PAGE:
Dangerous landings and drying areas
I used to have an old table for plants and post, a few chairs, my neighbours could use to enjoy the sun in the drying area, and a plant stand on my landing.
I live on the top floor so have tried to cheer up the heavy concrete drying area with some plants. I have also put up new lines which my neighbours like to use for their washing.
I had dug a couple of wee beds at the bottom of the close, and planted some beans, corn, herbs and tomato, and dug over the old bed at the front which has been water-logged ever since the scaffolding for the renovation works in 2006. Judging from the bubbles coming up in the grass, I figure the pipes are cracked. Certainly my neighbour says he cant open his windows for the smell and flies, and although it has been reported many times, including evidence of a cracked pipe, no workers have ever come to dig up and explore. The shrubs planted inthe area to catch the plastic bags and rubbish swept up by the wind from the saturday market all died / drowned and the council cut them down and sowed grass seed which did not take. Even the fireweed died.
Workers told us the beds were all to be dug out for new paving to be laid, so I dug out the beans and tomatoes and moved some down to another green space and the rest up to my drying area to await replanting once the works are completed.
Shortly after, letters were posted through the door, advising tennants that all drying areas were to be cleaned the next day and for all possessions to be removed.
Well I keep my drying area pretty clean but imagining that inspections for weather proofing might be needed to be made, moved all plants onto the landing, expecting to move them right back after the work was completed. So was very surprised to find my housing officer on the doorstep the next day demanding that I remove all furniture and items from the landing.
I explained they were only there until the drying area work was completed, only to be informed that tennants are not allowed to keep plants and furniture in communal areas. Apparently this presents a fire hazard, on the grounds that firemen have bulky apparatus to deal with, and may trip over anything in the smoke. Except of course firemen are not allowed to come in through the windows anymore, so any tables and plants placed in these areas should not prove to be a hazard. Our landing as can be seen from the images beneath are pretty big.
It was said that tennants should read their missives. I took missives to mean lease and checked. Communal areas are to be kept with respect and agreement to neighbours, and not for storage, but as I pointed out most items in discussion are for decor, ie carpets to warm the landing space; tables to put flower arrangements and post to be collected; chairs and tables to put shopping bags or baskets of washing to save backache, and prevent items trailing in the dirt and wet. Bikes and buggies are not stored so much as parked, as presumably are the cars stored or parked in the communal spaces outside.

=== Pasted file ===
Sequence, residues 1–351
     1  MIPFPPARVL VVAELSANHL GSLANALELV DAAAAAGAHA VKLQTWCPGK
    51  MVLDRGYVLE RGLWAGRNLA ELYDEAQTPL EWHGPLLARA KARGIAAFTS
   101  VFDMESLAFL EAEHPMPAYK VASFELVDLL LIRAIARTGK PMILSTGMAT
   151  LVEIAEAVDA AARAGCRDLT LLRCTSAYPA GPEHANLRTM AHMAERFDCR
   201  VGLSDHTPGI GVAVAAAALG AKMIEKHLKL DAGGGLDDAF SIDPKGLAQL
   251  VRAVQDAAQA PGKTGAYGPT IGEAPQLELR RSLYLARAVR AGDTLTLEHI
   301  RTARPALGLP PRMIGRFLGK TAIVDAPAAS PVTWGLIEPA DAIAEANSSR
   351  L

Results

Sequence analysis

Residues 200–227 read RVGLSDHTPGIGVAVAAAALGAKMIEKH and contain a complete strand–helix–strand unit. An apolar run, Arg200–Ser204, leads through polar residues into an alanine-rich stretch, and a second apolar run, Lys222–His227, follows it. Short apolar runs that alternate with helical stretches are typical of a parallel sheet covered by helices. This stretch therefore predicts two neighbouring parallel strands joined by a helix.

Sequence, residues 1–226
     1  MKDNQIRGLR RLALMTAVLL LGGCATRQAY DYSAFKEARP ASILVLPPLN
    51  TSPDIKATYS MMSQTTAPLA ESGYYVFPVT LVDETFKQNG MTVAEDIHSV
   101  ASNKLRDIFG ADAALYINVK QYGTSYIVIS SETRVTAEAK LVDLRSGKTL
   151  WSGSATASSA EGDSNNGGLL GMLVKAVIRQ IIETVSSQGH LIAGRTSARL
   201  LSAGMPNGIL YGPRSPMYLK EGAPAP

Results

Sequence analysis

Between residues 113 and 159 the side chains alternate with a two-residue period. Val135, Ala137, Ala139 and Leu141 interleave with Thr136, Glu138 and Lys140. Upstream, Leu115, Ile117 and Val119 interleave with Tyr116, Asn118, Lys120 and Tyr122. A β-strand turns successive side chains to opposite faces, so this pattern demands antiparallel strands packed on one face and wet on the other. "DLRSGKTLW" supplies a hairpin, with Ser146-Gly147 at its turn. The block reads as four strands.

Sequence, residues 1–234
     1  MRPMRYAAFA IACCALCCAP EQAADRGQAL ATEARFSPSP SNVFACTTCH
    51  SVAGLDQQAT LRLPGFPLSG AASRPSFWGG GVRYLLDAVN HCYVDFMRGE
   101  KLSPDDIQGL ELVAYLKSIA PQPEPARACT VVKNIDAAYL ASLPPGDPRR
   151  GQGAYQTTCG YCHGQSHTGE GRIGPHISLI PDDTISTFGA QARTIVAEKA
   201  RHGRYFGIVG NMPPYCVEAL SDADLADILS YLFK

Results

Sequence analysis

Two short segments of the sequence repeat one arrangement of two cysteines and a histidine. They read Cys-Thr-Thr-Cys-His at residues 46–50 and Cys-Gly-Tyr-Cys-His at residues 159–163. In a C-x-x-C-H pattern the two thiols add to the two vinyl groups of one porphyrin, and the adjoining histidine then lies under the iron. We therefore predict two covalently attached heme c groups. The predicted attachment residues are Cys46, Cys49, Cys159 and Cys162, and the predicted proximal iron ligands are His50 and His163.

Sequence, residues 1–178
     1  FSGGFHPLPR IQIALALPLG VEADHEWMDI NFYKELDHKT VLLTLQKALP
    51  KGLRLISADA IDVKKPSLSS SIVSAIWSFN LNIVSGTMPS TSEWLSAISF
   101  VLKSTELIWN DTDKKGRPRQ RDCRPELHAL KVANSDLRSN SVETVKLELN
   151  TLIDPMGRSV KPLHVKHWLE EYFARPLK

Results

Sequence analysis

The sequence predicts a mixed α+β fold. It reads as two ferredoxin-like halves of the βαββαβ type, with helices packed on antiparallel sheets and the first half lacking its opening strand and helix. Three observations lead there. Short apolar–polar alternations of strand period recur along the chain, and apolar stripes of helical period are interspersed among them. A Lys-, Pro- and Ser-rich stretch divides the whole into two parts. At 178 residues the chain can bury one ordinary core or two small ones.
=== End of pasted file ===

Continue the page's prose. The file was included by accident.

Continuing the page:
Personally I would imagine any fireman fighting his way through the smoke would rather by far, prams, buggies and bikes in use were parked in the drying areas and landing spaces under the windows instead of flat hallways which are a tight squeeze at the best of times.
There is no downstairs storage for bikes or prams. The back close bin areas would be ideal, for bike / buggie parking, especially if cleansing would reduce the wheelie bins stored or parked there by half, since we currently have twice as many bins as we in the block have ever used in the past five plus years.
On the Friday when we were all out and took away the neighbours' carpet and small furniture, leaving quite a lot of dust behind - I was surprised I thought they were cleaning the area
Meanwhile the bin area downstairs has still not been cleaned. It has been reported several times over the past few years as needing a good clean. The smell is pretty bad and the fans are constantly on which must cost a bit in electricity. I usually clean my close but it is a bit harder to clean the bin area including the doings in the corner on the loor, which I clened up best I could, but it still needs a good scrub. All the bins need a good sluice. If there was a tap I would be quite happy to oblige, but carrying umpteen buckets of water down six flights, not to mention the heavy swing doors would be some task. The area needing cleaning is quite big if you add eight or more filthy smelly wheelie bins
So now plants and seedling previously on the landing and in the drying area are now stashed around my flat, and apparently we are not going to be allowed to make new beds downstairs once the work is completed, so where they will end up is anybody's guess. The government is supposed to be encouraging communities to take an interest in our public spaces and start growing things, within reason, and Edinburgh Community Backgreens Association are having a lot of fun growing food and plants to encourage local communities to take an interest in their own green spaces.
Manchester Council has given over land it cannot afford to maintain to local communities, meanwhile the villager in TodMorven and beyond are planting vegetables everywhere. The nation is on the move let's hope Glasgow is not going to be left behind